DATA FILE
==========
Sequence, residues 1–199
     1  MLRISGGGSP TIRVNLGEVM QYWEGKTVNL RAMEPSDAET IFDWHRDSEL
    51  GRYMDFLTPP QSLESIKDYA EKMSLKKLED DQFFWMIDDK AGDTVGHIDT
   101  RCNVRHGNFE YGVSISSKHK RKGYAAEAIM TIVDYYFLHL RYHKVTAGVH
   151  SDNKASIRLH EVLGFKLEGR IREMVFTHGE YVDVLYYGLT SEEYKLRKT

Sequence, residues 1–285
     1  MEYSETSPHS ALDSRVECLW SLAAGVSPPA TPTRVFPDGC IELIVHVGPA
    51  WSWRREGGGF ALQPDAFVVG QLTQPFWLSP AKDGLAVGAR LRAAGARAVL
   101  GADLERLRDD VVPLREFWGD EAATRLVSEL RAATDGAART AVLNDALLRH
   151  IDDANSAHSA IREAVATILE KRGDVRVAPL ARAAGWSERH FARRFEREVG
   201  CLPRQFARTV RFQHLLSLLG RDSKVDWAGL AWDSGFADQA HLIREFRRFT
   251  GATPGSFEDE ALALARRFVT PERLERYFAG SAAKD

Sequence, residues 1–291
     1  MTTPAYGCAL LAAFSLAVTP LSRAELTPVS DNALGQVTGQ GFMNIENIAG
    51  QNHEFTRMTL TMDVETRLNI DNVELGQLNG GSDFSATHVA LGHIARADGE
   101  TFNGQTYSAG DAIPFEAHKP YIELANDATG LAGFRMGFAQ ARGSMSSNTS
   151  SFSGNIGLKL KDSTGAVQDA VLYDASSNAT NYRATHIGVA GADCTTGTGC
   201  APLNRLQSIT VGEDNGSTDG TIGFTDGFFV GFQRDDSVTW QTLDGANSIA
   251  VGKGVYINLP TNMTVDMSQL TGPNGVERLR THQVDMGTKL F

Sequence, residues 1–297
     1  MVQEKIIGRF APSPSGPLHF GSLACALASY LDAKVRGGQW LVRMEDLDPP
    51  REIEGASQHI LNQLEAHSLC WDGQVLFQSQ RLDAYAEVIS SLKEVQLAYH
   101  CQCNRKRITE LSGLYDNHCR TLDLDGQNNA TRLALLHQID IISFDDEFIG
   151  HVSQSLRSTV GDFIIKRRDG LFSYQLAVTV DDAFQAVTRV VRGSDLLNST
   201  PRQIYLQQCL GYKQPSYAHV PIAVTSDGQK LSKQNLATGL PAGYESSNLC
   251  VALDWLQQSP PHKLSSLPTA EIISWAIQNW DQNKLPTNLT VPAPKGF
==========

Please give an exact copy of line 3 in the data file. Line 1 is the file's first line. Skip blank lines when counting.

    51  GRYMDFLTPP QSLESIKDYA EKMSLKKLED DQFFWMIDDK AGDTVGHIDT